# Feasibility of measuring large DC current with Arduino

Hello all,
Not sure if this is the right place for this, but here goes: I wish to be able to reasonably accurately measure large DC current (maybe 80 amps tops) relatively continuously on my arduino. I am considering this linear Hall-effect sensor.

My concern is that those leads from the terminals to the actual sensor chip, and even the lead-blocks themselves look mighty small for 80 amps, much less the 150 amps it is rated for. To safely carry 80 amps, I’d plan to use 4 Ga. copper wire. What am I missing here? I have no doubt it would handle 150 amps for a few seconds, but would it handle 60 - 80 amps for several hours without frying? Is there a better way, perhaps? Using a separate shunt seems more logical, but it looks like a PITA to set it up properly. I was hoping for more of a turn-key solution…

Gary

Don't like the looks of that myself, might be OK short term but I wouldn't trust it for hours. I would go with a standard 75mV shunt of whatever power rating required. What voltage and where in the circuit will the shunt be located?

@Outsider, I have some 100 amp 75mV shunts on hand; the voltages would either be around 13 volts or 26 volts, depending on the application. The shunt would be located within a few feet of the batteries.

The problem is that connecting the shunt leads to the arduino GND and an analog pin, even using a reference of 2.56 volts (The minimum I can use, since there are other 2 volt analog sensors involved) only gives me a resolution of about 3.33 amps per analog graduation, if I have figured it correctly. 100/(.075/(2.56/1024))

I'd like to have 1/10 amp resolution if at all possible.

Edit....The system already has a 100 amp 75mV shunt installed to run a local meter, so tapping into that would be easy if I had a way of bumping that 75mV up to 2.5 volts.

The reason I asked about location is the shunt needs to be the last thing in the ground lead, right at the Batt neg. terminal if possible and Arduino GND connected to batt neg., but sounds like you already know that. Single supply op amps are cheap and easy to use, would not be too difficult to rig up a 33 to 1 amplifier.
Like this:

I am pretty familiar with high current DC, but am brand new to Arduino programming and all these bitty little electronic thingamabobs, LOL. Give me a piece of 4/0 copper cable and a 10,000 amp/hr battery bank, and I'm good to go, but when you mentioned a single-supply op amp, I thought for a moment you had lapsed into Aramaic. A Google search left me even more confused. Thanks for the tip, but it looks like I have a LOT more to learn. Oh well, if it was simple, anyone could do it.

Give me a little time to breadboard one , I'll post a pic.

outsider: Give me a little time to breadboard one , I'll post a pic.

Thanks a bunch, I also just noticed your drawing, and am studying it now. You've already been most helpful!

Outsider, would that be a MCP6001? It looks like the MCP6002 has two inputs/outputs…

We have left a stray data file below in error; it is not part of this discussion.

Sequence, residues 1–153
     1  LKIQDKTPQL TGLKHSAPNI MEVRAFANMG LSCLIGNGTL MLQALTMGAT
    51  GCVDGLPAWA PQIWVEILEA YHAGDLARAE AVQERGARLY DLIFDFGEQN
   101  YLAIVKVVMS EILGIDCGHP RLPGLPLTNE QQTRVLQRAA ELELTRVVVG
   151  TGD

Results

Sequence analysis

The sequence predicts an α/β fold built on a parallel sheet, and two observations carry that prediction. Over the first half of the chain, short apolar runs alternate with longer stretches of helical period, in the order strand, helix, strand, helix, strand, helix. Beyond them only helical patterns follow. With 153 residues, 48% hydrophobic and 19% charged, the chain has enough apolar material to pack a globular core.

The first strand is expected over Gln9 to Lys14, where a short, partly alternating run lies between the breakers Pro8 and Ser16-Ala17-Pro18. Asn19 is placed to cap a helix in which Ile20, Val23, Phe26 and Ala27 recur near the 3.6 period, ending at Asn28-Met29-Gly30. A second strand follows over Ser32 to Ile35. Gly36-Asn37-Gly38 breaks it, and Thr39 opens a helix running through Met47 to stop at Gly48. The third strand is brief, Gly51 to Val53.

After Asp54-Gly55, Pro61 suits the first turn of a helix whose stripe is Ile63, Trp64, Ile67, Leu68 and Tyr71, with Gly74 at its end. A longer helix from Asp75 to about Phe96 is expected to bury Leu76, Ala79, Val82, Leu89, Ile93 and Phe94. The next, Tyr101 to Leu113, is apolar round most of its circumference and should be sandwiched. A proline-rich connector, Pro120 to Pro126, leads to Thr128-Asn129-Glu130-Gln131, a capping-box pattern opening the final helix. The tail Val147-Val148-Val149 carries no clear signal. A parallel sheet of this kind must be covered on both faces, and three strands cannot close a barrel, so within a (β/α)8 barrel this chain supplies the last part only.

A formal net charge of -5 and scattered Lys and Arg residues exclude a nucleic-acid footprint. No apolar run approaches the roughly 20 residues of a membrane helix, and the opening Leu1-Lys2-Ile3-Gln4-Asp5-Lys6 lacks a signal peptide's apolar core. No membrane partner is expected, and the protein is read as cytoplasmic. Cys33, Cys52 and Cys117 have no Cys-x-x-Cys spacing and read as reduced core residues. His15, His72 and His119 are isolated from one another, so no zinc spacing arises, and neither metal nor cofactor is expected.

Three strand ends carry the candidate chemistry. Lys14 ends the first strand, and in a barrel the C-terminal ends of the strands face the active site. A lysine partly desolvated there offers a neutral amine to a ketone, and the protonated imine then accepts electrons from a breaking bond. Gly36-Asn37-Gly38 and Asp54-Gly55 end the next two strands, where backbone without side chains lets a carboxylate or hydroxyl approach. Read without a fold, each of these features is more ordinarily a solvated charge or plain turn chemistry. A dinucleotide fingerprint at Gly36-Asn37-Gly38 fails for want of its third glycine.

It’s a MP6002 here’s a snapshot: Only thing I left out was a trim pot to compensate for resistor tolerance.
Oh well, I cant get pic to upload, too big I guess, I’ll keep trying.
Finally got a fuzzy pic to upload

Why not get something like one of these http://uk.farnell.com/lem/la-100-p-sp13/current-transducer-100a-pcb/dp/1617427. There are versions available which operate on 5 volts and provide a 0-5 volt output (generally centred at 2.5 volts to permit directional sensitivity)

JohnDeere630: Hello all, Not sure if this is the right place for this, but here goes: I wish to be able to reasonably accurately measure large DC current (maybe 80 amps tops) relatively continuously on my arduino. I am considering this linear Hall-effect sensor.

My concern is that those leads from the terminals to the actual sensor chip, and even the lead-blocks themselves look mighty small for 80 amps, much less the 150 amps it is rated for. To safely carry 80 amps, I'd plan to use 4 Ga. copper wire. What am I missing here? I have no doubt it would handle 150 amps for a few seconds, but would it handle 60 - 80 amps for several hours without frying? Is there a better way, perhaps? Using a separate shunt seems more logical, but it looks like a PITA to set it up properly. I was hoping for more of a turn-key solution....

Gary

Yes, that breakout for the ACS756 (it looks like that device) should use thick copper sheet, not 1 or 2oz PCB. Why not get an ACS756 and connect it more solidly yourself into 4AWG pigtails?

@jackrae, I found this one that has the amp range I need (and then some) here.

The data sheet is mostly incomprehensible to me, but it takes a nominal 5 volt input and I assume puts out an analog voltage in relation to the current flowing through it. I wonder what the conversion would be on an arduino to convert the analog steps to actual amps, and forgive my stupid question, but would I be correct in assuming that the middle (2.5 volts) on the analog pin equate to 0 amps, 0 volts on the analog would equate to -300 amps, and 5 volts on the analog would equal +300 amps?